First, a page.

Prosecution rested its case Friday morning in the Cortland County trial against Zachary L. Clark.
Clark, 27, of Elm Street in the city of Cortland, has been accused of shooting city police officer Chad Knapp three times on March 27 of last year, which led to a 12-hour standoff. Clark surrendered the following day before 8 a.m.
Clark has been charged with attempted murder in the first degree, attempted murder in the second degree, attempted assault in the first degree, two counts of menacing a police officer or peace officer, and aggravated assault upon a police officer.
He has also been charged with assault in the third degree, criminal possession of a weapon in the fourth degree, prohibited use of a weapon and two counts of menacing misdemeanors in the second degree.
A couple of witnesses were called upon to testify for the defense Friday afternoon, and will continue into Monday at 8:30 a.m.
Prosecution brought in detective sergeant Daniel Rathbun of the Syracuse City Police Department Friday morning. Rathbun led a special weapons and tactics unit into the middle of the standoff taking place on Elm Street, and was tasked with targeting the location of Clark.
Rathbun, who was a sniper at the scene, arrived with his team at 1 a.m. March 28. In his testimony, Rathbun noted Clark “wasn’t pulling up his rifle” and was “holding the rifle still in his house.”
“I was told if you have a shot, take the shot,” he said if the situation intensified.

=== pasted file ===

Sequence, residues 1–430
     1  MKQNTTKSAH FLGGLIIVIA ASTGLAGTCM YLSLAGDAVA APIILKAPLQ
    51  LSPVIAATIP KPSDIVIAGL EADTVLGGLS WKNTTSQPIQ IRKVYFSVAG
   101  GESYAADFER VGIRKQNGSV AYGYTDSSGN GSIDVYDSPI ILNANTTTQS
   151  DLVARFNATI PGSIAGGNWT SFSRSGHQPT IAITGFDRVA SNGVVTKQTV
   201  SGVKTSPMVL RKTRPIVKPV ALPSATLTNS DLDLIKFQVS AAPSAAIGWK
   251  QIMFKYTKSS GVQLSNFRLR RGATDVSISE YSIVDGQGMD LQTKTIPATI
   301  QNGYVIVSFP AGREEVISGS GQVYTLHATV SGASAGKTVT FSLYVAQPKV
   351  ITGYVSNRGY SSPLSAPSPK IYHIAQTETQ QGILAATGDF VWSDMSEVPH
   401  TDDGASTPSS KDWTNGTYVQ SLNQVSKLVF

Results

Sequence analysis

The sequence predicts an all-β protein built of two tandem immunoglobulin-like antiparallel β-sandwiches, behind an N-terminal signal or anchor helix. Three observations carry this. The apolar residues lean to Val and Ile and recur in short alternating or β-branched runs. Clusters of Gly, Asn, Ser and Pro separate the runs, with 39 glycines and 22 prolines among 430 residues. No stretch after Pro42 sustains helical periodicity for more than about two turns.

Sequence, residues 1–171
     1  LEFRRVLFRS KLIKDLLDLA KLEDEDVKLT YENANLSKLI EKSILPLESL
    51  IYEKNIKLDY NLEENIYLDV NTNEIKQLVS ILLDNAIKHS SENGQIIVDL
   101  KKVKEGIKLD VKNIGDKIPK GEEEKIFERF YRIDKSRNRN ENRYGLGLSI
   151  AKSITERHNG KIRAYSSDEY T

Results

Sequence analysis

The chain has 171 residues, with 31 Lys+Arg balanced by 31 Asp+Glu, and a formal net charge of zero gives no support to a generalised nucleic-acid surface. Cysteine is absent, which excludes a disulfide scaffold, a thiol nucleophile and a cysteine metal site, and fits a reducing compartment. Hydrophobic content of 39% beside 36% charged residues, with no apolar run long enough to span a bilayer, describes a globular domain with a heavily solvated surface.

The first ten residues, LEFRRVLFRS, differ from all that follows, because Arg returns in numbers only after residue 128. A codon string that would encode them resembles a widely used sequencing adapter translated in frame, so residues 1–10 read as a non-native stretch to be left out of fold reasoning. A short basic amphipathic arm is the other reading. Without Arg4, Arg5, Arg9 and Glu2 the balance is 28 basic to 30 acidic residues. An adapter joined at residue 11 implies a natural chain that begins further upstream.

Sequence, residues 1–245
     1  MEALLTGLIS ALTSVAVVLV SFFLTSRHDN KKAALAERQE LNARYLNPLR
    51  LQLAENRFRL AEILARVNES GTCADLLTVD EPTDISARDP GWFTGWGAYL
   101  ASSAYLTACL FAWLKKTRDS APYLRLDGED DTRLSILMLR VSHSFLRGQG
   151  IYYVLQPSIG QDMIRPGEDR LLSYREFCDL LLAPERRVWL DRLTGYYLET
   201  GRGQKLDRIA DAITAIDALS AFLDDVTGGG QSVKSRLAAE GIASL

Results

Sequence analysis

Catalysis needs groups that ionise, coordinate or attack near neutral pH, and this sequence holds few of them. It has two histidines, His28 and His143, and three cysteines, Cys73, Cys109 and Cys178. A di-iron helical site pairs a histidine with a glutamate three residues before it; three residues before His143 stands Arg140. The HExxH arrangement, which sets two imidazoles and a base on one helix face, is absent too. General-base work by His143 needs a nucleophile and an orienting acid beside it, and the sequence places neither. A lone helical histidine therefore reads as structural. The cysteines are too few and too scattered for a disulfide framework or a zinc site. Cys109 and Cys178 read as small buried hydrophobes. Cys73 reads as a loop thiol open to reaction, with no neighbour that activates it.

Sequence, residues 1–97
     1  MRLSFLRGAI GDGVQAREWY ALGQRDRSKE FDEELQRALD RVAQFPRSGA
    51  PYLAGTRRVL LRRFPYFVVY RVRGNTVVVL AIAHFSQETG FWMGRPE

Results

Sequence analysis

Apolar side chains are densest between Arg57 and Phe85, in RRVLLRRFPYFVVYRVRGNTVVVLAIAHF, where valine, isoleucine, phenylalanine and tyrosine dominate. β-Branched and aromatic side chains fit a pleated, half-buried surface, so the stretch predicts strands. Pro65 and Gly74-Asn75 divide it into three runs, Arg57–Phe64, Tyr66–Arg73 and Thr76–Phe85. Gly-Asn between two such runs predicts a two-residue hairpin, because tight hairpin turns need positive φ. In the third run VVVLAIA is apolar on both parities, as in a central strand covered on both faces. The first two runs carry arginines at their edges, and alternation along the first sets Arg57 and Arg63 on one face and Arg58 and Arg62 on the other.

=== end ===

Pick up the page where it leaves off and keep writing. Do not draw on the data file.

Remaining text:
Rathbun mentioned Clark was “climbing over debris from a dismantled porch.” Clark was also repeatedly hitting a key fob to a black Jeep near the residence on Elm Street, Rathbun added.
Later on, Clark walked over to the Jeep, unlocked it, put his rifle in the backseat and surrendered, Rathbun said.
Prosecution capped its array of testimonies with Sara Stedman, senior investigator of the New York state police department. She led the forensic investigation of the crime scene on March 28 of last year in the aftermath of the incident.
In her testimony, Stedman confirmed a variety of bullets and shell casings at the scene. She noted that 48 items were collected as evidence, including the magazine attached to Clark’s rifle that was “found lying in the street.”
Stedman’s investigation also collected one of the .22 caliber bullets from the rifle that was removed from Knapp’s body during surgery. Her investigation included Clark’s black Jeep with the rifle in it, and Knapp’s patrol car with bullet holes in the windshield.
Defense brought back Stedman Friday afternoon for an extension to her previous testimony. Defense attorney Madeline Weiss questioned if Stedman knew of any other aspects of the incident.
“I only know what happened at the end, not the incident in its entirety,” Stedman replied.